The Hebrew month of Adar began with the new moon on Thursday evening, February 11, 2021. Adar is considered a time when happiness increases. I’m working on this notion by appreciating the many fine moments that arise each day.
- Seeing ten Brant geese for the first time this year, gently honking to each other while munching bright green seaweed offshore.
- Walking with my loving husband, Todd, through our urban forests and streets.
- Hearing our eldest son say that he’s glad he lives in the same city as we do.
- Experiencing joy as a bald eagle soars high over our neighborhood.
And that’s just me. Worldwide, on the 13th day of this joyous month (February 25, 2021), Jewish people celebrate a wild and crazy holiday called Purim (check out Miriam Bialik’s video on the subject, it’s really fun). Listening to a story featuring a brave woman and a silly king is key. So is sharing treats with friends and funds with people in need. Getting just drunk enough so we can’t tell the difference between the blessed good guy and the evil bad guy is optional and age dependent. So is wearing masks just for fun. Can you imagine it?
One of our local synagogues invited congregants to create short videos called Purim Spiels highlighting what we’ve learned over the pandemic with a little tongue and cheek thrown in. Here’s mine, featuring a mask I made a couple Adars ago with Rabbi Hanna Tiferet Siegel, an inspiring teacher and composer. Rabbi Hanna celebrates Rosh Chodesh, the new moon which begins each Hebrew month, with a group of women by Zoom during the pandemic, in person before and after.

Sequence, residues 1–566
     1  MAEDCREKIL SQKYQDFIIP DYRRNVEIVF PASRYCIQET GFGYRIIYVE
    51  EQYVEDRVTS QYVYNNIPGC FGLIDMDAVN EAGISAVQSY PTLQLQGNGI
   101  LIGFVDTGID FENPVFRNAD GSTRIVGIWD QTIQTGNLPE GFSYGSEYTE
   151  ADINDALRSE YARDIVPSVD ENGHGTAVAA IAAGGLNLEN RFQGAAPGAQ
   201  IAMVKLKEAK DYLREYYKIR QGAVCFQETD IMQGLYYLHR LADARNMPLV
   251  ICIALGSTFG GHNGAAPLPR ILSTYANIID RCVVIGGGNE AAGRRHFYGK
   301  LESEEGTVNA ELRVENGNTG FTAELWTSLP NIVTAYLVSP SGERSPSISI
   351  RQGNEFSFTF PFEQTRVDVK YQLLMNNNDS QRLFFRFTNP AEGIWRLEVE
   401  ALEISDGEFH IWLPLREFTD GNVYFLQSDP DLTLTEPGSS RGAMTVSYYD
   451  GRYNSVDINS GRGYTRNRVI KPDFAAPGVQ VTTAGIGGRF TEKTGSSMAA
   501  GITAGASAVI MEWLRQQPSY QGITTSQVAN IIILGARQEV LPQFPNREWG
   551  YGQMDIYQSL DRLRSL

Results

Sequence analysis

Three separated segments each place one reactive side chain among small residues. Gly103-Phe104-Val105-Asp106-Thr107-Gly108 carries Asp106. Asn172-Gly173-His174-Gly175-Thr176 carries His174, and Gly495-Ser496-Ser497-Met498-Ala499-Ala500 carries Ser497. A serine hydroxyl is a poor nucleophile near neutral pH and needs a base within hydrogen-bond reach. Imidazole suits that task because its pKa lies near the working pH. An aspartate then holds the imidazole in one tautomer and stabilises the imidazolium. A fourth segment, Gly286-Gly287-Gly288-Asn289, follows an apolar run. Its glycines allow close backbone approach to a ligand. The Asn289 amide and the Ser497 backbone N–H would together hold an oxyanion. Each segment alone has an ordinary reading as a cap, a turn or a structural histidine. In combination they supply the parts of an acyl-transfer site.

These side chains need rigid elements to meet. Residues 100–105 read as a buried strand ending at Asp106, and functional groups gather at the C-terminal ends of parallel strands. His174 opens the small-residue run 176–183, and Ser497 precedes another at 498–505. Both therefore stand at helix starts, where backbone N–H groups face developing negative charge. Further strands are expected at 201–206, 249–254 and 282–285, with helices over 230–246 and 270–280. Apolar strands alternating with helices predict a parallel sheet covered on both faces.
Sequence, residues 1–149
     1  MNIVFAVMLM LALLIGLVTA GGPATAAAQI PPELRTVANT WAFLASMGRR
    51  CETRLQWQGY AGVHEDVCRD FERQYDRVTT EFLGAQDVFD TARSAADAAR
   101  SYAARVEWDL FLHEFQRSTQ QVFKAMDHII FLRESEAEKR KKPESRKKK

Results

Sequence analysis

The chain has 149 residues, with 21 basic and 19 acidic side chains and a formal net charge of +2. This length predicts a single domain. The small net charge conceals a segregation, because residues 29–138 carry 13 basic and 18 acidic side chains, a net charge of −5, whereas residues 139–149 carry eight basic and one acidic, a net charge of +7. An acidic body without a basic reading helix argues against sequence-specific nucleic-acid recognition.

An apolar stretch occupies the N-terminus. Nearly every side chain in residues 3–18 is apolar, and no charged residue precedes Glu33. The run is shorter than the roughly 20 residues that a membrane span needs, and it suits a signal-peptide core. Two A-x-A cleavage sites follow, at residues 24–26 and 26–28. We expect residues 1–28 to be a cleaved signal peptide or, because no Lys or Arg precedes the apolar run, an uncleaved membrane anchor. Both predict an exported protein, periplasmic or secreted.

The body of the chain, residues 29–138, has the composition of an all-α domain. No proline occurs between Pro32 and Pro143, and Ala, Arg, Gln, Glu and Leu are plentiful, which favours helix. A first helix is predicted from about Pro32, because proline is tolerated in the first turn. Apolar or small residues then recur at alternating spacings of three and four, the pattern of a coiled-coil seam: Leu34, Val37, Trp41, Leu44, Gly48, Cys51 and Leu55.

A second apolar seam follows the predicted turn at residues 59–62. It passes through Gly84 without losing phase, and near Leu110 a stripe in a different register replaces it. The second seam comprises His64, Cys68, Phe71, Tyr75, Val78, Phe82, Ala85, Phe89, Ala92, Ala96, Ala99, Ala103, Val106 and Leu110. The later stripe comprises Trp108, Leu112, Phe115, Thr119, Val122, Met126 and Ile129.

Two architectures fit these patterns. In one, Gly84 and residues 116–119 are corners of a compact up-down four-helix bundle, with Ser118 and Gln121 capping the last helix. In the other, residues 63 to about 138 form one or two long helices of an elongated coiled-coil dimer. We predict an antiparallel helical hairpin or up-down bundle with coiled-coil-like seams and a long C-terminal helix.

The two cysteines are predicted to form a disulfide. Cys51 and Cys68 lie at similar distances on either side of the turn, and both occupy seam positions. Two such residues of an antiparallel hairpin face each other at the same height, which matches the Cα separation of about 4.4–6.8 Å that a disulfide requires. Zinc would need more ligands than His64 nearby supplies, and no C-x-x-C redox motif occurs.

Thursday February 11 is also New Years Eve for people all over the world who celebrate Spring Festival. Here’s a lively legend I recorded that helps explain how some of the traditional practices of Lunar New Year first arose. It offers wise council on how to counteract the ravaging effects of time by celebrating the moment. I received this story from our youngest son, Raviv, while he was learning Mandarin at our local university.
Raviv’s mother-in-law, who grew up in a tiny farming village in Northern China, cried when she talked on-line with her kids about Spring Festival because she knew it wouldn’t be the same this year. Thankfully, in the end, she enjoyed the family’s on-line celebrations. Thinking of everyone separated from family at this time as I recorded this ancient story, I shared a Jewish teaching about how to transcend loss through memory and imagination.
Whether you revel in the joy of Purim, Spring Festival, Valentines Day and/or the promise of Spring, it’s a time for celebrating life however and whenever we can, b’ezrat Hashem (with Divine assistance).